set $C2 "${C2}B";
    if ($remote_addr ~ "213.213.213") {
      set $C2 "${C2}B";
    if ($C2 = "AB") {
      proxy_pass https://localhost:8080;
    try_files $uri $uri/ =404;

  error_page 404 /404.html;
  location = /opt/html/40x.html {
  error_page 500 502 503 504 /50x.html;
  location = /opt/html/50x.html {

On C2 server, start HTTPS listener on any arbitrary port, e.g. 443, and forward this port from redirector locally:

ssh [email protected] -R -f -N

We deliberately skip the C2 server setup part in this article. This is a separate topic, there are many C2 servers, and, therefore, variability available [7]. Few notes here:

  • Be sure to point agent callback to your subdomain, not C2 listener bind-address;
  • If the C2 server requires PKCS12 HTTPS certificate format, bundle it from letsencrypt files using openssl. Example for Covenant C2 framework:
openssl pkcs12 -export -in fullchain.pem -inkey privkey.pem -out certificate.pfx -name -passout pass:CovenantDev

Webpage imitation

Contemporary networks rely on domain and website reputation analysis. For example, if a domain is known to distribute malware, all responsible proxy and firewall vendors will apply this knowledge to prevent any of their customer users to visit this webpage.

The same categorization logic helps to control user traffic to a social network, gambling, or pornography pages. It is important for your redirector to fall in some legitimate category during an exploitation phase, like business or education. Moreover, some restrictive environments (like fintech) may introduce whitelisting by these categories.

Initial categorization of new pages mostly happens using machine learning models with multi-label classification and is a well-published topic [2][3]. Input features are formed using page meta-information — title, specific words in a text body, javascript behavior, etc.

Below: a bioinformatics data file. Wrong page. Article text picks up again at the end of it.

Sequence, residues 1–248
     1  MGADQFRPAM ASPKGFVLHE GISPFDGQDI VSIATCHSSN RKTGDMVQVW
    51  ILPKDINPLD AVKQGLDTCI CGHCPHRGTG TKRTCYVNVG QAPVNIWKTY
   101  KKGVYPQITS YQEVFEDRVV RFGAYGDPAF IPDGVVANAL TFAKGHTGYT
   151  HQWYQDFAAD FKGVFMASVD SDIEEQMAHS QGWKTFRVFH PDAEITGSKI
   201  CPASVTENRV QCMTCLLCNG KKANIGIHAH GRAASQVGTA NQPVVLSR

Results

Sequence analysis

The best way to mimic a legitimate business page and fall into the right category is to clone a business page. Clever imitation may work well even if a security analyst manually visits your page during incident response — if page contents and domain represent their infrastructure functionality well, the C2 channel may stay undetected, and therefore active, for a prolonged period of time.

Subdomain we registered presumes update information for any Palo Alto Networks (PAN) product, so we chose to clone the appropriate page under wget serves these purposes well, but be sure to use tmux session or nohup, to detach the download process from an SSH session, as it may take a while:

mkdir /opt/ && cd !$nohup wget --limit-rate=200k --reject pdf --no-clobber --convert-links --random-wait -r -p -E -e robots=off -U mozilla &

Figure 3. Imitation of PAN documentation on rogue subdomain.

If your target page does not display properly, you may consider adding the following wget options during the clone:


After a while, we can verify the categorization of our page across major vendors: PAN [4], Symantec (i.e. BlueCoat proxy)[5], CheckPoint [6], etc.